Marci Alboher of The New York Times has an article published 26 November 2008 about how artists can become and indeed are becoming entrepreneurs. To some extent, from an economics perspective, they have always been entrepreneurs, assuming they sell their work. However, I’d like to think that the point of the article is to transform the image of artists a little bit, from lazy, if not moribund, cellar dwellers and cafe smokers into bright, energetic, perhaps restless spirits.
This is good!
Let’s look at the main example from the article:
Claudine Hellmuth… said that when she graduated from the Corcoran College of Art in Washington in 1997, career options for artists were limited. “You could teach, or do outdoor festivals, maybe get into a gallery,” she said.
…she took an intensive summer course in Web programming and design at George Washington University and then returned home to Florida, where she found work as an online designer. All along, she continued to paint on the side, thinking that her day jobs would support her. A layoff in 2001 proved to be a turning point.
“I now had the skills to use the Internet to my advantage,” she said. “I am so thankful that I left the art world for a little while.” With a little Web savvy, she says, it is relatively easy for artists to reach a global marketplace for their work.
Claudine later parlayed these skills into her own online store, etsy.com, as well as licensing agreements and numerous other smaller commissions. This ought to be inspiring to anyone: to artists, because they might realize they have more opportunities than they know if they just get out there; to entrepreneurs, because it’s really demand in the market that has not been fully supplied, meaning there is profit to be made; and to everyone else, because it suggests choices and living standards are rising as people devote more income to that demand. Take this other example:
Alexander Niles, 14, a high school freshman in Miami with dreams of making it big as a musician, is young to be focused on making a living. But he has already become an entrepreneur.
It all began by accident, he said. He was late in handing in his choices for elective classes and landed in a course on business. For an assignment to write a business plan, he turned to his passion, guitars, and decided to create a business building custom guitars for other people, something he had already done for himself.
Wow! This is certainly an example of what to do as opposed to what not to do with education today. Art teachers, cut this article out and to the following things:
- Make your students read this article.
- Make your students develop a business plan.
- Teach your students about contracts — the art of negotiation, the nuance of legalese, and the structure of intellectual property licensing.
The final element is perhaps the most important. Since time immemorial, artists and their sympathizers have argued that they need legal protections such as moral rights because they are powerless to negotiate. This is nonsense. Understanding that they have entrepreneurial power, they have all the bargaining power that they need. In other words, someone who signs a contract with a magazine to draw their covers at a certain compensation for three years had a choice. Both parties benefit from the contract. If the covers suddenly become very valuable, then the artist’s value will rise too, and there’s no need to cry about the magazine unjustly getting enriched: they took a risk on the artist. It may even be true that the artist can break the contract by the doctrine of efficient breach and be just as happy.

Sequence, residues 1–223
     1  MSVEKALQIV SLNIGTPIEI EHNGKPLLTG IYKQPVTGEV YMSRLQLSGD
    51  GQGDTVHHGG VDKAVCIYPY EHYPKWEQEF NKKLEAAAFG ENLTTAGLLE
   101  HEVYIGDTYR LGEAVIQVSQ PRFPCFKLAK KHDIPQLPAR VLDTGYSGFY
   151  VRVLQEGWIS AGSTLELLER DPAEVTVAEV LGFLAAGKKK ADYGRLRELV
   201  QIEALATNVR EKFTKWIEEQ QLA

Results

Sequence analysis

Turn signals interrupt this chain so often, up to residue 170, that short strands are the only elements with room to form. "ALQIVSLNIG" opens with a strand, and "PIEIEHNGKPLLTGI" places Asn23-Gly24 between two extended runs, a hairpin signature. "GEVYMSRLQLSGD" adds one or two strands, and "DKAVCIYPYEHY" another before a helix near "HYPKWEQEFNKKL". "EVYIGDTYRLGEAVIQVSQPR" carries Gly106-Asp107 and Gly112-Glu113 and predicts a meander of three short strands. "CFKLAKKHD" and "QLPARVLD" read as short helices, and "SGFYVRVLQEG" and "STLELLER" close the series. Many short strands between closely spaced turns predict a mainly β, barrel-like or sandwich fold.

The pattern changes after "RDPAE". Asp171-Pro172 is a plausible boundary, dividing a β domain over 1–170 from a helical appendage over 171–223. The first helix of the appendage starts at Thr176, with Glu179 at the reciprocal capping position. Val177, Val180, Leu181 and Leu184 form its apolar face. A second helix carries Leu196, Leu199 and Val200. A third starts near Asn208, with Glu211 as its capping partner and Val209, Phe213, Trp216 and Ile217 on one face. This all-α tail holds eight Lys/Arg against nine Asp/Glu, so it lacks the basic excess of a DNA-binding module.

There are manuals in every Barnes & Noble for artists to pursue just these educational ends, but it really ought to be your prerogative to teach them yourself. There aren’t more valuable lessons you could be teaching, so from an economics opportunity costs perspective, it’s a no-brainer. These skills enable artists to live and fight. Moreover, the legal jargon isn’t as tough to understand as it looks and intellectual property licensing is quite easy when you get the hang of it.
Yes, even artists can change the world. The economics of changing markets are clear. To repeat Claudine’s point:
With a little Web savvy, she says, it is relatively easy for artists to reach a global marketplace for their work.
The costs to the transmission of information have shot through the floor. They are still present: time has value as an implicit cost and we should not forget that the internet, laptops, and the like are hardly free (nothing, in fact, is technically free). But the point is, compared to the past, these costs are extremely low. As a result, we are able to transmit information over far greater spaces (read: far larger markets) than ever before. That means that the number of consumers who might have the taste to enjoy your art work increases, thereby raising the value of your work. With the availability of auctions and quick responses to pricing, economics suggests that artists will be better able to realize the full amount that people are willing to pay — a corollary to the doctrine of the price discriminating monopoly, or even the perfectly price discriminating monopoly, which is able to charge all the prices that people are willing to pay.
The monopolist, in this case, the artist, wins because she or he is maximizing their profit. The consumer wins because the monopolist has an incentive to produce the efficient quantity of output, which basically means all the output that the market can handle.
Ergo, everyone wins. Capitalism with free markets and property rights: the rising tide that lifts all boats.
(h/t Art Market Monitor for the NYT link)